Are Catholics Christians?
I've heard a handful of Christians I've talked to online refer to Catholics as non-Christians. I'm not really sure why, and I'm usually skeptical when I hear a group who professes Jesus Christ be called a non-Christian sect because I've even heard Old Earth Creationists like Hugh Ross and myself be labeled as non-Christians because we deny the days of creation as 6 24 hour periods and we believe that they're long periods of time. Arminians likewise have been labeled as non-Christians by over zealous Calvinists (though most Calvinists I've talked to don't hold the view that non-Calvinists are non-Christians). This is why I always want to investigate what the said sect believes before I form my opinion on whether the group in question is really Christian or not. Because often times a group is called non-Christian merely because the person disagrees with them on some secondary issue. Usually what makes a group non-Christian is that they deny some or many of the most crucial, central doctrines of the Christian faith (doctrines such as The Trinity, the deity of Christ, the resurrection, the virgin birth, or that unbelieving sinners go to Hell, or that Christ is the only way to Heaven). Jehovah's Witnesses for example, deny the deity of Christ (which, usually, the deity of Christ and the trinity go hand-in-hand, if you accept or deny one, you accept or deny the other). Jehovah's Witnesses believe that Jesus is St. Michael, not God in the flesh.
But what about Roman Catholics? Are they Christians or not? First, what do Catholics believe? I did some studying into Catholicism a few years ago (spending time watching EWTN and the "Crash Course In Catholicism" videos), right around the time I became a Christian. I was Catholic leaning for a while there, though as I've studied scripture and reflected on the issues which separate Catholics from non-Catholics, I think I'm a firmly established Evangelical.
I've discovered that Catholics and I agree on a lot of things. We both agree for example what's stated in "The Apostles Creed".
"I believe in God the Father Almighty, Maker of heaven and earth: And in Jesus Christ his only Son our Lord, He was conceived by the Holy Ghost, born of the Virgin Mary, suffered under Pontius Pilate, was crucified, dead, and buried: He descended to the dead, On the third day he rose again from the dead; He ascended into heaven, and is seated at the right hand of God the Father Almighty; He will come to judge the living and the dead and His kingdom will be without end, I believe in the Holy Ghost; The holy Catholic Church; The Communion of Saints; The Forgiveness of sins; The Resurrection of the body, And the Life everlasting. Amen."
I'd like to point out that "Catholic" in this creed doesn't just mean ROMAN Catholic, rather, it's referring to the "universal" Church. "Catholic" means universal. Ken Samples does a good job of pointing this out in his commentary on the apostles creed in his book "A World Of Difference: Putting Christian Truth Claims To The Worldview Test". Moreover, "communion of saints" could be referring to Christians being ushered into the Kingdom of Heaven rather than special people ordained by the church after their deaths. Regardless, Evangelicals can clearly see from this creed alone that is recited by Catholics during the Divine Mercy prayer and during the Rosary prayer, that we share a lot of common ground. Notice also that the essentials of the Christian faith are mentioned in this creed. Belief in God as the Creator of the universe, belief in Jesus as God, belief in the virgin birth and the resurrection, and belief in The Trinity.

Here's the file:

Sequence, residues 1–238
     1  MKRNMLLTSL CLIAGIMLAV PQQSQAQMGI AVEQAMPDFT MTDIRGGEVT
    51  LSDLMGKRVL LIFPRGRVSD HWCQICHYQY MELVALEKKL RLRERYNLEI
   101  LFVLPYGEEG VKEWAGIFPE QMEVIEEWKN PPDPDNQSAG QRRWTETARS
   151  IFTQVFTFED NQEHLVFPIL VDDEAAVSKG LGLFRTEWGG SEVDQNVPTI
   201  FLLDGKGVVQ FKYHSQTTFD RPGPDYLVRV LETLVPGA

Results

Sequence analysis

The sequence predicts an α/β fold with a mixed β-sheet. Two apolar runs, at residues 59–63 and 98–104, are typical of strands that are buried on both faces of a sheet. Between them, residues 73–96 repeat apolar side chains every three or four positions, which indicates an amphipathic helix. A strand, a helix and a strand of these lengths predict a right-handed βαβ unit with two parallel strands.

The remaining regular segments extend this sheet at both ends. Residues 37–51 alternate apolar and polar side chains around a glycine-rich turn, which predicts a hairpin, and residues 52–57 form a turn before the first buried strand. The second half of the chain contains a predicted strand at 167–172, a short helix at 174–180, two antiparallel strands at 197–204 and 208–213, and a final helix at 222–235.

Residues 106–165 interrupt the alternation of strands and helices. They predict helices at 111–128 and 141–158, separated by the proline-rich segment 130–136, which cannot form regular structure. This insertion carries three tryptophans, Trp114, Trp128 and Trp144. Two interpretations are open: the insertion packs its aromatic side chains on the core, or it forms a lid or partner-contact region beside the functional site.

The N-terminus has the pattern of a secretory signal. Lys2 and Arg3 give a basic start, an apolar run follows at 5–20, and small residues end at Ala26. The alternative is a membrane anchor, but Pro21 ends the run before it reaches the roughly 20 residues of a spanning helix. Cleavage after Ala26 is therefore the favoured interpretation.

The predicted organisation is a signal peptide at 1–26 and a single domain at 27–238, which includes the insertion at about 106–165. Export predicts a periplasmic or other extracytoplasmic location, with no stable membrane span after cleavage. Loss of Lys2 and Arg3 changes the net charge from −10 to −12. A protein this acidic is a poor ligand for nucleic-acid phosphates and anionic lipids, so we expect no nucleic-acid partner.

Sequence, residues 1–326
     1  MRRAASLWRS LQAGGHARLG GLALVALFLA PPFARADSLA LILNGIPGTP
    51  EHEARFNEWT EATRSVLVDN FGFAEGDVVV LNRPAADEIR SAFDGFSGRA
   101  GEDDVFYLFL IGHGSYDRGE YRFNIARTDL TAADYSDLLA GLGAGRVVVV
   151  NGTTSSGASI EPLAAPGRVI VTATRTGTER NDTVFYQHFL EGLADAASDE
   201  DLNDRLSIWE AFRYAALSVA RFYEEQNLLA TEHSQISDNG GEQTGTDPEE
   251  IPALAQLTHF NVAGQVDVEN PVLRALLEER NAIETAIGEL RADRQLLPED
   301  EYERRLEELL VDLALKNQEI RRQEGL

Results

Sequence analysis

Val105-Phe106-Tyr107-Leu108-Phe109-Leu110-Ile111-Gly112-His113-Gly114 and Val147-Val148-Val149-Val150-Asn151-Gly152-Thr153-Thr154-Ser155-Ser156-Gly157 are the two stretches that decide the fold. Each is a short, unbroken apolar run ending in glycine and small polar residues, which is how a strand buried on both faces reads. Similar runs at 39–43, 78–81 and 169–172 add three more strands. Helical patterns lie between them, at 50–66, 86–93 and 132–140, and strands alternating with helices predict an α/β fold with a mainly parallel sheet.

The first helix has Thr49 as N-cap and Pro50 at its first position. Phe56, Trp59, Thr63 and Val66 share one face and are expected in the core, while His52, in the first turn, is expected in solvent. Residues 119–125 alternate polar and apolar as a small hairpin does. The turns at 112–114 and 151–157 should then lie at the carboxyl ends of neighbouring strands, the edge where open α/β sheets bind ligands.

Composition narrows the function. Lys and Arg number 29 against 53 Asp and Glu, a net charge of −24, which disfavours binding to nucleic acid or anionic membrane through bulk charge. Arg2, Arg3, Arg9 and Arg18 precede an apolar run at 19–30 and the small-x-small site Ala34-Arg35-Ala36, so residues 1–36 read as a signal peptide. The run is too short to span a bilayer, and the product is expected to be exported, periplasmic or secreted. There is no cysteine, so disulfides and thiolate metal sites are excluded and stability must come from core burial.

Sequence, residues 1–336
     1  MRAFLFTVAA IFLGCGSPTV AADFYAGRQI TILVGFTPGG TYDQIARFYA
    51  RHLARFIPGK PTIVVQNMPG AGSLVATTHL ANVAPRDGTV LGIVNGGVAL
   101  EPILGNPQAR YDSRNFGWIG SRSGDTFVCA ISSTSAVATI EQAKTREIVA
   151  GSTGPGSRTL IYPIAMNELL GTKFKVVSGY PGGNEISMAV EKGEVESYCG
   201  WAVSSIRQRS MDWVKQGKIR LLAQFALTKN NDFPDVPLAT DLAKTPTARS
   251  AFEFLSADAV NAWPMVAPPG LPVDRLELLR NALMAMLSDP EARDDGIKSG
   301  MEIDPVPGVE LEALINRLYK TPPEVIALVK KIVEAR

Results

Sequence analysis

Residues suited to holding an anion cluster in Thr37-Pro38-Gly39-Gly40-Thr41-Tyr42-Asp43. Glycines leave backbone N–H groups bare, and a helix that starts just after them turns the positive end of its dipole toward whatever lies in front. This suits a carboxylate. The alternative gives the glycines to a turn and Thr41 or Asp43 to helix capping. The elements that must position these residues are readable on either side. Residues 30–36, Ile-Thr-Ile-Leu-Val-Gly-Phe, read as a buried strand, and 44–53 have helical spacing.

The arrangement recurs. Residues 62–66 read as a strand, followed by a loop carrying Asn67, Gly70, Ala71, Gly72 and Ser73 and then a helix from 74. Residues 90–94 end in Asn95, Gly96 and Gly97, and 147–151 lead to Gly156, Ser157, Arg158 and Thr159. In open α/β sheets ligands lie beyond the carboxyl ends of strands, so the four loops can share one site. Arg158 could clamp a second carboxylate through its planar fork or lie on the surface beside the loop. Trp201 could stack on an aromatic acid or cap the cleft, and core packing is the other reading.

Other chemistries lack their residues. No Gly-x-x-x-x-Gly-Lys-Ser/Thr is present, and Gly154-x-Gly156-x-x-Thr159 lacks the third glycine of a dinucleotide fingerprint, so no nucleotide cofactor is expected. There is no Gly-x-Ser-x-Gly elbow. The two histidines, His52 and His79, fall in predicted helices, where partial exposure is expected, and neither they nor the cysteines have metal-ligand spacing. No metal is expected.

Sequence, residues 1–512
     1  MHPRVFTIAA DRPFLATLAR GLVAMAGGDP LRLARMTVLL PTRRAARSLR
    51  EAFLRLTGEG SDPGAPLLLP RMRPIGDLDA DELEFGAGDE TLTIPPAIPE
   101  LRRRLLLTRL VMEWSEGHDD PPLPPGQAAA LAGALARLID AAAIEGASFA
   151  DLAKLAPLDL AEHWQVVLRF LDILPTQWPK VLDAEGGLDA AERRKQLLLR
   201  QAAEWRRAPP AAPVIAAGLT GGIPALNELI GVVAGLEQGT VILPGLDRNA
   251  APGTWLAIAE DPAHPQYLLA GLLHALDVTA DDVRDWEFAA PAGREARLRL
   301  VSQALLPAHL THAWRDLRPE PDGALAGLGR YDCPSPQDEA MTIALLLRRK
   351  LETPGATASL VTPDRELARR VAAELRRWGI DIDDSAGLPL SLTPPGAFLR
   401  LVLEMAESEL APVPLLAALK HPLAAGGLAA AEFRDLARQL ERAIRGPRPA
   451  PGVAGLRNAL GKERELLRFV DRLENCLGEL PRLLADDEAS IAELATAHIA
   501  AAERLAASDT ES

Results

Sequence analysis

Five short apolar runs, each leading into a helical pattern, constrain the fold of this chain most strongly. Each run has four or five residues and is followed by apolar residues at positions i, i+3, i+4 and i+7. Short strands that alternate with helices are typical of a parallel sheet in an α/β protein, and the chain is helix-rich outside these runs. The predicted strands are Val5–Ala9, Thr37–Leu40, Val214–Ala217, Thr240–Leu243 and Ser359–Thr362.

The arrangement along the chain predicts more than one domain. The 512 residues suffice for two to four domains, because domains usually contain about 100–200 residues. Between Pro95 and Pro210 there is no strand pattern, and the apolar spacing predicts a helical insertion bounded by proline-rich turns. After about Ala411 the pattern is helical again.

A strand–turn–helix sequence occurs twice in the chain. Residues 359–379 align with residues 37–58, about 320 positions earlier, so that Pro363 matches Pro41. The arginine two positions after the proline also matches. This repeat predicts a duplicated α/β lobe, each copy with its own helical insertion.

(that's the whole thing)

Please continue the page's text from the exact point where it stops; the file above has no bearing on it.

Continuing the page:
If Roman Catholics did deny of these things, I would consider them as much a non-Christian group as I do Christadelphians, Mormons, Jehovah's Witnesses, etc.
I don't think Catholics are non-Christians. I do think they hold some unbiblical doctrines (purgatory, confession to a priest etc.), but they seem to adhere to all of the essentials.
I don't agree with several things they belief in. I don't believe we go to Purgatory before we enter Heaven, I don't believe you need to confess your sins to a priest in order to be forgiven, you can go straight to God Himself (see 1 John 1:9, & Psalm 51 for example), and I don't believe that the communion wafers and wine LITERALLY turn into the body and blood of Christ (If they were literal flesh and blood, wouldn't they taste like skin and blood? Why does the Church insist that our senses are deceiving us?) In any case, I don't think having a few secondary issues wrong makes one a non-christian. I still believe they are my brothers and sisters in Christ, and I should like to think we can have fellowship with one another in spite of some theological disagreements just I get along with Calvinists and young earth creationists even though I disagree theologically with them. Trust me, I think the Calvinists are dead wrong on the things that separate them from their oppositions (Arminians and Molinism) and I also find Theistic Evolution to be inconsistent with scripture. Nevertheless, I still consider them my brothers and sisters in Christ. I think the Catholics are misguided on many things, but I don't think God will bar them access to Heaven on the basis of those things because I consider them to be just as secondary an issue as the age of the Earth or whether baptism should be full submersion or sprinkled.
And contrary to popular belief, the Catholics don't worship Mary, they just greatly admire her. Moreover, they don't pray TO saints. They have the saints intercess for them. It's no different than asking one of your friends to pray for you. It's just that in the case of the saints, the saints are are no longer living and they're in Heaven. These are two very common misrepresentations of Catholicism. Whether you agree with them or not, you should at least look into what they believe so you don't misrepresent their view (a fallacy known as "Straw Man").